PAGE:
Since only Northern Light can provide an exact count of the size of their Web database on a given date, I used the number of hits reported by Northern Light as the starting point and then estimated the size of the other databases using that number times the percentage of total hits from the 25 searches used on the relative size analysis. While the terms used for the 25 searches are not completely chosen at random, they were chosen from a variety of subject areas and countries.
Both Northern Light and AltaVista have techniques that can be used for an at the moment count. On Northern Light, use the Power Search limited to the Web and search count or not count. On the AltaVista search, enter a * in their Advance Search Boolean Box and check the Count Documents box. The technique used in March of +* on the Simple Search was returning numbers in the area of 250 million in May. Note the large difference in results when the Count documents is checked as opposed to when it is not. These numbers have been varying greatly in the past month even from hour to hour.
So why these discrepancies between claimed size and these estimates? There are several factors to consider which may explain these results beyond the limit of basing the estimates on a small number of searches and on Northern Light's reported numbers.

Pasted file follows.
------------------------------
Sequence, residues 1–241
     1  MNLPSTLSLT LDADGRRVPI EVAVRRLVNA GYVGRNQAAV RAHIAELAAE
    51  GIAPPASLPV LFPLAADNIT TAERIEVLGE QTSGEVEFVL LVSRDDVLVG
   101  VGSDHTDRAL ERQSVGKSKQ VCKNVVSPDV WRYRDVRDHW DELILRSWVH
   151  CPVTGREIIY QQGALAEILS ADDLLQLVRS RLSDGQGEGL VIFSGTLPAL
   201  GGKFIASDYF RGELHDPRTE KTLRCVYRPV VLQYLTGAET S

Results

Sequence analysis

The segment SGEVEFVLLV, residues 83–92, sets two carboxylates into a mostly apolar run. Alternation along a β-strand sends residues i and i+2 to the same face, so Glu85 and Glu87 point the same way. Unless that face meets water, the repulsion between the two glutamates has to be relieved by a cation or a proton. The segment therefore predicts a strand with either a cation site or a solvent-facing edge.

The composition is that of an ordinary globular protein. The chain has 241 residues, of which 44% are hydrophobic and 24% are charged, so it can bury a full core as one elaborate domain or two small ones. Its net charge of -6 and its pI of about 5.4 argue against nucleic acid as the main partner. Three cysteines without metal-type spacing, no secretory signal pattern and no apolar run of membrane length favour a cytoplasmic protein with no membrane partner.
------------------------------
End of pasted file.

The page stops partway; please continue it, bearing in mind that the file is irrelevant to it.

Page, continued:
The Inktomi-based search engines (HotBot, Snap, and MSN Web Search) are run on clusters of computers. According to Inktomi, at any point in time, some of the computers may be down for backup or other maintenance. Consequently, their entire database may not be searched at any point in time. My estimates thus reflect what was available to be searched at the time the searches were run.
AltaVista will time out on some searches and only deliver partial results. Since my numbers are based on actual number of hits found, that may cause AltaVista's size to be under-represented. On the other hand, if Inktomi and AltaVista do not have their full databases available to searchers, what is the use of that extra size if it is inaccessible? These estimates may well give a better sense of the size of the accessible portion of the search engine databases.
The note on the relative size page apply to these estimates as well.
While decisions about which Web search engine to use should not be based on size alone, this information is especially important when looking for very specific keywords, phrases, and areas of specialized interest. See also the following statistical analyses:
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